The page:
Weekly travel writing tip 5: Reread and edit |

Weekly travel writing tip 5: Reread and edit

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1 February 2010

This week I have a quite tricky tip because every word of it can easily be used against me. But it's a very important phase in the writing process so it certainly needs to receive the necessary attention.

These days, lots of people take little time rereading their story, one particular part they tend to skip is the spelling check because nowadays we just let our spelling corrector run through the story and every stupid mistake is removed.

We think...

There are two things one should realize when using a spelling corrector. First of all you need to make sure that you pick the right language. This sounds dumb, but it's not that I'm trying to translate a Swedish text with a German corrector here. In my version of MS Word - the old 2000 version - there are about thirteen different types of English. One can choose to correct in English from the UK or from the US - which is already quite a difference - but also with Australian English, English from the Caribbean, Canadian English and many more. You can imagine that your story might look kind of strange if you had accidentally gone through it with the Zimbabwean English spelling corrector.

Next to the different variations of a language, what you should really care about are mistakes that can't be found by your spelling corrector.

Most dangerous are the homophones, words that sound the same but are written differently and have a different meaning. A couple of examples:

there - their
its - it's (although this one might be recognized by your grammar check)
to - too - two
for - four
hair - hare
hole - whole

These examples are quite harmless although they do make you look like a bad writer, but what would your family say if they'd read that you went into the jungle to look at the guerrillas or that you had spent then night on a fairy. They'd probably think that you're totally reckless or smoked way too much pot.

I guess we can summarize that rereading a story/article/blog post/chapter of a book is a necessity if you want the number of spelling and grammar errors to be at a minimum. But that's not the only reason why we reread and edit. A second - and at least equally important - reason is to review the content.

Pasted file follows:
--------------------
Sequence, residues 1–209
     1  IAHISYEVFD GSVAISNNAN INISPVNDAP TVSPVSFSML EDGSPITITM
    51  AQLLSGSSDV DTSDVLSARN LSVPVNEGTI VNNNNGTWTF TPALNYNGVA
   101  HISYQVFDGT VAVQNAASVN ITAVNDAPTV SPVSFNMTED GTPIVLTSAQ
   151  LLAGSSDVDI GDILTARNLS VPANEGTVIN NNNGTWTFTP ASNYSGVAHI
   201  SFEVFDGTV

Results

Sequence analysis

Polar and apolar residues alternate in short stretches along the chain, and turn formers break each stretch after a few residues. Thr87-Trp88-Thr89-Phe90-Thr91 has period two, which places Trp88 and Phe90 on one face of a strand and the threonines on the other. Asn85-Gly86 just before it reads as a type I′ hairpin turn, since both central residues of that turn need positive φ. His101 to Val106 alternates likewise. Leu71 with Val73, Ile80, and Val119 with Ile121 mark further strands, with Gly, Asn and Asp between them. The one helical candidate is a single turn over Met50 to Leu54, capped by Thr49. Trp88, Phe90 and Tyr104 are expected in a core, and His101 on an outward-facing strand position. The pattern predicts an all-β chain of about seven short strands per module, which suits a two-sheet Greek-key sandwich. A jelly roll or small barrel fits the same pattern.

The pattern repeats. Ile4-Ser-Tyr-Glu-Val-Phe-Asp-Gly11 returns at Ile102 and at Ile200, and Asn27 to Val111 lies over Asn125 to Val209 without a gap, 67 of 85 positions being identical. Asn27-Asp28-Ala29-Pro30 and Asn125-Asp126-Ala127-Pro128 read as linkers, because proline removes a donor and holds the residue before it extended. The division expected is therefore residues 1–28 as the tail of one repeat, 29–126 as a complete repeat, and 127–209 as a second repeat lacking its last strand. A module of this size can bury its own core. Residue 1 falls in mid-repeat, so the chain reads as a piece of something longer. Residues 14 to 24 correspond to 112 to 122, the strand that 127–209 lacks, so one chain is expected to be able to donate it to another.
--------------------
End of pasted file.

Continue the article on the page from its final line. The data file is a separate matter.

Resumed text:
When you are writing, the story just flows out of your head onto the screen. Words come out of your fingers the way they are created in your mind at that certain moment. While I'm writing this sentence, I'm not thinking about what I will write within 5 minutes. I do know the subject of course, but I don't know the exact words yet. They appear at the very moment that I need them.
This is why the texts in the first draft is not always very coherent and merely consist of small stories.
Therefore we need content editing!

In this phase we reread the text a couple of times and remove all unnecessary information, add information that connects the different parts better to each other and edit phrases that sound awkward among the rest of the content.

Then we have a look at the adverbs and try to replace them by more original ones. Especially try to get rid of the word very, "very good", "very bad" and "very ugly" can easily be replaced by "superb", "terrible" and "hideous", and I bet you can find another couple of those.

There is no real guideline for content editing because it's totally different done for a letter than for an article and for fiction than for non fiction, so you'll have to follow the feeling in your stomach. But if you keep previous guidelines in mind and try to use a broad vocabulary, all should be well.

I will finish this post with two last editing tips: the first one is: let someone else read your work. Because you know what is comming - as you've written it - so you can easily look over mistakes, especially misspelled words.
And secondly: don't reread while writing. When your mind comes in a writing state, you don't want to spoil this until the end of your story, you want it to keep producing words and sentences. When you reread after every paragraph, you always set your mind back to a rest mode.

"Read your own compositions, and when you meet a passage which you think is particularly fine, strike it out"
Samuel Johnson (1709 - 1784)

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